Moving back to Nigeria was a huge culture shock for me despite visiting Nigeria annually since I left. I moved back after graduate school and served in Iseyin, Oyo State for my NYSC and I would say it was a major eye opener for me. I should add here that although a lot of Nigerians believe the NYSC scheme should be eliminated, I find it really helped me settle in and also exposed me to people that I ordinarily would not have had the opportunity to meet. It was a humbling experience for me. I got posted to one of the major oil producing companies after the 3-week orientation program. I only started actually working about 3 months later and that’s where I still work today as a Chemical Process Engineer.
Why did you feel the need to undertake the National Youth Service Corps?
I always knew that it was something I had to do if I planned on moving back to Nigeria. I made the switch from Computer to Chemical Engineering because at the time, technology in Nigeria was not what it currently is; and I needed a degree I could work with in Nigeria. When I left, I knew I was going to come back and contribute to the change in the country. I always knew I would move back, I just didn’t think I would move back as soon as I did but I certainly don’t have any regrets.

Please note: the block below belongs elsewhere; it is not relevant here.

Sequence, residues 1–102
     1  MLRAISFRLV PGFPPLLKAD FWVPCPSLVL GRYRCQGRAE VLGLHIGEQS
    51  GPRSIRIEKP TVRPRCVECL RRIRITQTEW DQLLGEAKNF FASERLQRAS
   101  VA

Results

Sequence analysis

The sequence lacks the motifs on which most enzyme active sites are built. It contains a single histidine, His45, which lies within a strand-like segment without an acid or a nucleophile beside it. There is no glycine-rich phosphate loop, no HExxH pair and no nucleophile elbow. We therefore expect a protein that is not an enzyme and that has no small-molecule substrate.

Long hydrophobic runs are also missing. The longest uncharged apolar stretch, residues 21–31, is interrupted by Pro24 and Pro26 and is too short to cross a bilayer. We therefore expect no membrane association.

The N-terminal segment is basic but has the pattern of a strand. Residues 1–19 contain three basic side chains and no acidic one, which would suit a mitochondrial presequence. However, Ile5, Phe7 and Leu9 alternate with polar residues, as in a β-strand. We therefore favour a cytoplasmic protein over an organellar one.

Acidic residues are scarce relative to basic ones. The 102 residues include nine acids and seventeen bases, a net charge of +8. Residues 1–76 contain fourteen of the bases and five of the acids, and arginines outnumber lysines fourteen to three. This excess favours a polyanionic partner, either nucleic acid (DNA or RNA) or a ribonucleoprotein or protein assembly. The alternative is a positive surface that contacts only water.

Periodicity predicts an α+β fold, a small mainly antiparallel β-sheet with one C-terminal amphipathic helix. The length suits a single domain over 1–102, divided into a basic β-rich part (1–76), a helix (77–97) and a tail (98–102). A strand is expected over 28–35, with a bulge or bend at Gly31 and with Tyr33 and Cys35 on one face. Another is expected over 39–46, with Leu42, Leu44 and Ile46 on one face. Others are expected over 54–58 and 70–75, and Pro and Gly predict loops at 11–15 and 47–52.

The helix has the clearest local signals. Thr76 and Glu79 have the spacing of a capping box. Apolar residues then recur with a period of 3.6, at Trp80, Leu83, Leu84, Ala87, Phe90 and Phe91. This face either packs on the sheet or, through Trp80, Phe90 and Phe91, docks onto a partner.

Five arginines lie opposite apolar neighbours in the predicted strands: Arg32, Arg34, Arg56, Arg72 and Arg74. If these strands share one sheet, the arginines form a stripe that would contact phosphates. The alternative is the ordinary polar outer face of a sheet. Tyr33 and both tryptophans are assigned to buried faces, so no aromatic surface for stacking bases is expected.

What inspired this yearning to move back to Nigeria?
Growing up I didn’t travel much, everything I knew about the U.S for instance was from the experience of others. Nigeria was the country I knew for the most part, my friends were here and my family was here. I was excited to leave when I did, but I also came back every Christmas. Nigeria is home!
What does your work entail on a daily basis?